"I am experiencing problems sleeping at night, due to the fact that I have a potential fire risk sitting outside of my home," one Bolt owner wrote to the National Highway Traffic Safety Administration in a complaint published on the agency's website.
NHTSA has received dozens of complaints about the vehicle from Bolt owners since it warned them last month not to park or charge their cars indoors, its website shows.
A GM spokesman declined to comment on specific consumer complaints. He said hundreds of employees from GM and LG are working to solve the problem.
"We're not going to begin the recall repairs in vehicles until we're confident that LG is building defect-free products for us," the spokesman said. "We're working around the clock to get to that point."
The auto maker has said it is working with LG to reimburse costs associated with the recall.
An LG spokeswoman didn't return requests for comment.
The companies have formed a joint venture that is spending around $4.5 billion on two new U.S. battery factories to supply future GM electric cars. GM has said those batteries will use a different chemistry than the ones in the Bolt.
"The lessons learned from this entire experience are really going to benefit the industry and the importance of the manufacturing processes," GM chief executive Mary Barra told Bloomberg TV last week.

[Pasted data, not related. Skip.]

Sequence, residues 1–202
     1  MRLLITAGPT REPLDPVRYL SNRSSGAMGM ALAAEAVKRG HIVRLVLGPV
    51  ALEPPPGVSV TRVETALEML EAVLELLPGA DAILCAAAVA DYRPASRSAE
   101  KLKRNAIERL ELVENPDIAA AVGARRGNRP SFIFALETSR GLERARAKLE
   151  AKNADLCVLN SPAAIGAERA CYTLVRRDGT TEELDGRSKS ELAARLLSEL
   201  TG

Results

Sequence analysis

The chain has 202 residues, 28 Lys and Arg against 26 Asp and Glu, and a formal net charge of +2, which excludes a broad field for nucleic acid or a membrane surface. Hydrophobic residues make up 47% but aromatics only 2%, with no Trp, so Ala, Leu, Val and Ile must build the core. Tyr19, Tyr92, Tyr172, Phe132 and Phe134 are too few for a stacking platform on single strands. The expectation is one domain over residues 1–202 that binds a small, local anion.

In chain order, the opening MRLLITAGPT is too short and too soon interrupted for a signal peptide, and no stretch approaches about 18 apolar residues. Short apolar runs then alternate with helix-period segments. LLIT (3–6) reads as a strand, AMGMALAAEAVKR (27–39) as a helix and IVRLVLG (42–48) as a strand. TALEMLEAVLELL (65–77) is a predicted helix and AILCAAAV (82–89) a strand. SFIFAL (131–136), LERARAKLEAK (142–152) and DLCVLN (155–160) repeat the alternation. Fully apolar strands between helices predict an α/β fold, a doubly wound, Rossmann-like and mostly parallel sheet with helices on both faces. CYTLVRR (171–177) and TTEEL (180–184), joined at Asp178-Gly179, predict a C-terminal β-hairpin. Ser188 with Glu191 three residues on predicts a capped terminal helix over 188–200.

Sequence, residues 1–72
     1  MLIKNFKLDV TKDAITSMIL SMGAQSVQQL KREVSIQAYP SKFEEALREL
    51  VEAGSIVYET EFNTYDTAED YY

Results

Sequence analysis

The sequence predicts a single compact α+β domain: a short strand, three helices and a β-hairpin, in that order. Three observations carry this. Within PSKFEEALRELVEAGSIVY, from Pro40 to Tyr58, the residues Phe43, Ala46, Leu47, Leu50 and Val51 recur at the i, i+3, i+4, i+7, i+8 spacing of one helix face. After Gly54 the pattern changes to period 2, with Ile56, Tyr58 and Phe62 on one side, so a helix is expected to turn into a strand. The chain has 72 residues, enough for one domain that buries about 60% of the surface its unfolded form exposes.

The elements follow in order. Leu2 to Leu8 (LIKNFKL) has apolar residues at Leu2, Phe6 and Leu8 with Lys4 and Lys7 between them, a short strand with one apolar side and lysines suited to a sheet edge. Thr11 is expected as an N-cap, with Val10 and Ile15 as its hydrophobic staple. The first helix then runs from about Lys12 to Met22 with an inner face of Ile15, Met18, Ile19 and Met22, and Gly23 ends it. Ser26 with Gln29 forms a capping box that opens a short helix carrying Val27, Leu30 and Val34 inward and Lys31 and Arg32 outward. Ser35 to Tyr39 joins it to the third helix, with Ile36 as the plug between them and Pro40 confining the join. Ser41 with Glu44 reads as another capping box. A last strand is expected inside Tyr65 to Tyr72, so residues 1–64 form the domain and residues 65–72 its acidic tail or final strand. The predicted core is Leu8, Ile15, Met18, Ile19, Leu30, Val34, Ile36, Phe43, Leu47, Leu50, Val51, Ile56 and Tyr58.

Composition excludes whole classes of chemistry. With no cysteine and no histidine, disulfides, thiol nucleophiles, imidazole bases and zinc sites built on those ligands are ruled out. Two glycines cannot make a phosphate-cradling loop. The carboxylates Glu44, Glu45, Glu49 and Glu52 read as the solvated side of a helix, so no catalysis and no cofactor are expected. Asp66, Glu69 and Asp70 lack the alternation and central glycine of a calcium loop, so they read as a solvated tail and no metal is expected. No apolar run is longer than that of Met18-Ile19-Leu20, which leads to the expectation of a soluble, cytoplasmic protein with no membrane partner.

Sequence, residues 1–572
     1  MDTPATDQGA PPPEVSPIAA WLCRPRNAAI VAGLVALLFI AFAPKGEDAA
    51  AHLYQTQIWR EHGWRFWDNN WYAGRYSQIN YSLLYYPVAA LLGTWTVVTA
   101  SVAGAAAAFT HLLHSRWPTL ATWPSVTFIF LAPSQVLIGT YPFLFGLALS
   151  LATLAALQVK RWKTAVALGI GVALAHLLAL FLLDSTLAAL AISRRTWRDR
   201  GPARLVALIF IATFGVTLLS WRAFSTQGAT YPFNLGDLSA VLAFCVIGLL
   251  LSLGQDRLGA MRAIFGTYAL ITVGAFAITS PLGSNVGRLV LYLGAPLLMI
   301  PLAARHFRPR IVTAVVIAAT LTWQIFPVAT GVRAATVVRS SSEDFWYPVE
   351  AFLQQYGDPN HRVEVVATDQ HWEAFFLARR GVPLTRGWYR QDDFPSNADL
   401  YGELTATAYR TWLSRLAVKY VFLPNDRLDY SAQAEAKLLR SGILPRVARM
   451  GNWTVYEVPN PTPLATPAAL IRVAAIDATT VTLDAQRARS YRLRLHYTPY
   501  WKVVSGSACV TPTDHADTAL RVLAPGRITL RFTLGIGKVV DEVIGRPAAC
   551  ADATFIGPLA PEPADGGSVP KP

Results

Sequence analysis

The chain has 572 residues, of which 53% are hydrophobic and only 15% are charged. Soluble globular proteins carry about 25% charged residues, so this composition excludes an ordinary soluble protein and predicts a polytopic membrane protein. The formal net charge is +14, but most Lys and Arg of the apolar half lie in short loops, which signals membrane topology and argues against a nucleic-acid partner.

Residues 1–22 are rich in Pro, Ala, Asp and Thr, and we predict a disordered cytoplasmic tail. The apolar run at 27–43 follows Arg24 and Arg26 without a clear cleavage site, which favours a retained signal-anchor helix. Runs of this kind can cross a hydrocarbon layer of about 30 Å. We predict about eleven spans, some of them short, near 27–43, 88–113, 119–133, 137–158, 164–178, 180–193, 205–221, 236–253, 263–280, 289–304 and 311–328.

GM has cited a manufacturing flaw that can result in two defects in the same battery cell. Those defects can lead to a short circuit, which can cause a fire.
The cost of replacing a battery pack can range from around $5,000 for smaller, less-expensive cars to more than $30,000 for those used in high-performance models, said James Davies, chief executive of analytics company We Predict.
He said manufacturing defects in battery cells often lead to full replacement of the battery pack, because it can be difficult to pinpoint which cells are bad.
"If you get it right, electric vehicles last longer and cost less to own" than gas-powered cars, Mr. Davies said. "But if you get it wrong, there are going to be huge costs."